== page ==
Microsoft co-founder Bill Gates recently stated that he believes “rich countries,” such as the United States and western Europe, should switch to eating 100 percent synthetic beef.
In a recent interview with the MIT Technology Review, Microsoft co-founder Bill Gates discussed his environmental impact efforts and various green initiatives aimed at reducing global carbon emissions. One suggestion Gates proposed was for wealthy and developed nations to move entirely to synthetic beef in efforts to reduce the carbon emissions from livestock.
Explaining the suggestion, Gates told the MIT Tech Review:
For Africa and other poor countries, we’ll have to use animal genetics to dramatically raise the amount of beef per emissions for them. Weirdly, the US livestock, because they’re so productive, the emissions per pound of beef are dramatically less than emissions per pound in Africa. And as part of the [Bill and Melinda Gates] Foundation’s work, we’re taking the benefit of the African livestock, which means they can survive in heat, and crossing in the monstrous productivity both on the meat side and the milk side of the elite US beef lines.
So no, I don’t think the poorest 80 countries will be eating synthetic meat. I do think all rich countries should move to 100% synthetic beef. You can get used to the taste difference, and the claim is they’re going to make it taste even better over time. Eventually, that green premium is modest enough that you can sort of change the [behavior of] people or use regulation to totally shift the demand.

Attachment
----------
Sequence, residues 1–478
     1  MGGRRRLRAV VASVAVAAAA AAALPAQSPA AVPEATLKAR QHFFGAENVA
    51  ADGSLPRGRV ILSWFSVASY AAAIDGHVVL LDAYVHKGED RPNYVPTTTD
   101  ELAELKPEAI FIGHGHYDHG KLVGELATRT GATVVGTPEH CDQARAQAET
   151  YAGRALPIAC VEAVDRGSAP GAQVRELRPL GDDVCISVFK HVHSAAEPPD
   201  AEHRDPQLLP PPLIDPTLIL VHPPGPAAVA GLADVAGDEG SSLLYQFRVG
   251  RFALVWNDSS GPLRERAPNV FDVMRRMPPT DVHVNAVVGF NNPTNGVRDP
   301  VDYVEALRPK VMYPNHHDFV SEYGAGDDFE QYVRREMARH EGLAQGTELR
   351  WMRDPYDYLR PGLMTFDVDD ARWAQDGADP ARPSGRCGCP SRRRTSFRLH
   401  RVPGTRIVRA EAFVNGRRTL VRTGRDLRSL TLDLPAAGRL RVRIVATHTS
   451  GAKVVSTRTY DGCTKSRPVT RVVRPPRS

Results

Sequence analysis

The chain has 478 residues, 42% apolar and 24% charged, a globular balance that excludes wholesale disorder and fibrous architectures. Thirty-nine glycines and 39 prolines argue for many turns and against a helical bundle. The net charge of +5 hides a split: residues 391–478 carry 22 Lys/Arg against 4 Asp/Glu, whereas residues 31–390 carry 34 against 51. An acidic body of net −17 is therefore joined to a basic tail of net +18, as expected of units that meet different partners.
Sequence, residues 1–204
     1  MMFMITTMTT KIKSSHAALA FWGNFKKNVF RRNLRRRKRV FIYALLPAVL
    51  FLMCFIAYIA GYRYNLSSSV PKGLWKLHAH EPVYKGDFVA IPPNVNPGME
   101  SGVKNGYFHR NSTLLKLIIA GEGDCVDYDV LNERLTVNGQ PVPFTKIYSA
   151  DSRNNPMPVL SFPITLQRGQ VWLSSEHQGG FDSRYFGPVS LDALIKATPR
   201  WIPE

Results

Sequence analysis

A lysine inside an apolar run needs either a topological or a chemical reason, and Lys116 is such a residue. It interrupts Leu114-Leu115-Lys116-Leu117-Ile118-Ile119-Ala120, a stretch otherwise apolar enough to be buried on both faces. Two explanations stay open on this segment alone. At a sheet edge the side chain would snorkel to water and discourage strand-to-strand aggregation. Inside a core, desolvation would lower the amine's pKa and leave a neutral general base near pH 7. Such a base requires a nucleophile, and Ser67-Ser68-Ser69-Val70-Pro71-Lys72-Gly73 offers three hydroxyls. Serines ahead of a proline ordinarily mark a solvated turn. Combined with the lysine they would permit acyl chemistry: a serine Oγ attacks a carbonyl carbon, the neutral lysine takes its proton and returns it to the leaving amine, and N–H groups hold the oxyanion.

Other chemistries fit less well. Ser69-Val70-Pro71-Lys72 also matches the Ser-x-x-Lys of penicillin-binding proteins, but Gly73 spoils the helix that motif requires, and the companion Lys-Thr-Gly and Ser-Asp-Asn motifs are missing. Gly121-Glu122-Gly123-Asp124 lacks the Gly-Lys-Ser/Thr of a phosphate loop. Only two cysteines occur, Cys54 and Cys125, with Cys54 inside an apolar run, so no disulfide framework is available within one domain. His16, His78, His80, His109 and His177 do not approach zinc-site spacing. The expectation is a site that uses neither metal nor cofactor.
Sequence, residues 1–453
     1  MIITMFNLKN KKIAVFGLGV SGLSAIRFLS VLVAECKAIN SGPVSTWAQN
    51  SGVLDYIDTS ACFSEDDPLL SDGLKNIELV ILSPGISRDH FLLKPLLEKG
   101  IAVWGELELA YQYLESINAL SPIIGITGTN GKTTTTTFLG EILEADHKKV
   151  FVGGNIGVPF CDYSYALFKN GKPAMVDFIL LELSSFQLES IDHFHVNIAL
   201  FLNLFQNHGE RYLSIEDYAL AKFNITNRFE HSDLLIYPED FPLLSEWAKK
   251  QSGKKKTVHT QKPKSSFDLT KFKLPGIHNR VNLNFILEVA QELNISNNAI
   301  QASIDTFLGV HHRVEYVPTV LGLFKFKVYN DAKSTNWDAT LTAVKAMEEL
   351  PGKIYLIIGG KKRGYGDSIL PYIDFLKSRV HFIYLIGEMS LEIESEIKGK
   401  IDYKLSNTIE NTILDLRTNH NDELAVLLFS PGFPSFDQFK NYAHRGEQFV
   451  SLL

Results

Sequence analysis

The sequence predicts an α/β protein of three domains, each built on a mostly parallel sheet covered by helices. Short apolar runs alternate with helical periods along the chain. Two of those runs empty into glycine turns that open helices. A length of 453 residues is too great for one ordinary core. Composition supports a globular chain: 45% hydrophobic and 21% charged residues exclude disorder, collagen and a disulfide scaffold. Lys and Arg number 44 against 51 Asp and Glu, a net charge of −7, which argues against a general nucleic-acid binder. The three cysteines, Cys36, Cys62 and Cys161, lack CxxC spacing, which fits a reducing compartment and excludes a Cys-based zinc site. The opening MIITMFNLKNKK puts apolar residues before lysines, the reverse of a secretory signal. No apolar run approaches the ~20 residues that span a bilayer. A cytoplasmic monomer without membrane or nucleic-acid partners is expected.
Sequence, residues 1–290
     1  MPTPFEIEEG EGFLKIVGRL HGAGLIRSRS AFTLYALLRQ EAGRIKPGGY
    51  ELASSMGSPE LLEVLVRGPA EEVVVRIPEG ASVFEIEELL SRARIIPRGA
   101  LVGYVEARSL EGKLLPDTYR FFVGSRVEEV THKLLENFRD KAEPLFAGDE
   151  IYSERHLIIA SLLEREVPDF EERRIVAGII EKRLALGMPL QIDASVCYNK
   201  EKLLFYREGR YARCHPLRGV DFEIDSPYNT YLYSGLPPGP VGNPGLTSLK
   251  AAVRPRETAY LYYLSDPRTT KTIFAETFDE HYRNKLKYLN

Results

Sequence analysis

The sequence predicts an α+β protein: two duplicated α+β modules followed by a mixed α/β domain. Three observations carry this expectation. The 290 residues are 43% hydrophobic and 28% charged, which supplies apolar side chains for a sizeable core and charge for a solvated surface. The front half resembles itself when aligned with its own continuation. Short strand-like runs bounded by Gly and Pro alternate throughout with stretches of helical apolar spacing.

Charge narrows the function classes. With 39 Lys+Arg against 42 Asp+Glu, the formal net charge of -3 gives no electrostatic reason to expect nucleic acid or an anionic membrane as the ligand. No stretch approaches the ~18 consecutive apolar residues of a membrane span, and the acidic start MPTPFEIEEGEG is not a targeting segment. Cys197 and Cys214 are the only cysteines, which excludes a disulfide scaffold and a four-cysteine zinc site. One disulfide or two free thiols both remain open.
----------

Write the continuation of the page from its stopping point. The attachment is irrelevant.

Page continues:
So for meat in the middle-income-and-above countries, I do think it’s possible. But it’s one of those ones where, wow, you have to track it every year and see, and the politics [are challenging]. There are all these bills that say it’s got to be called, basically, lab garbage to be sold. They don’t want us to use the beef label.
Despite what seems like an outlandish proposal, Gates seems confident that meat alternatives will continue to grow in popularity in developed nations, stating: “Now the people like Memphis Meats who do it at a cellular level — I don’t know that that will ever be economical. But Impossible and Beyond have a road map, a quality road map, and a cost road map, that makes them totally competitive.”
Read more at the MIT Technology Review here.
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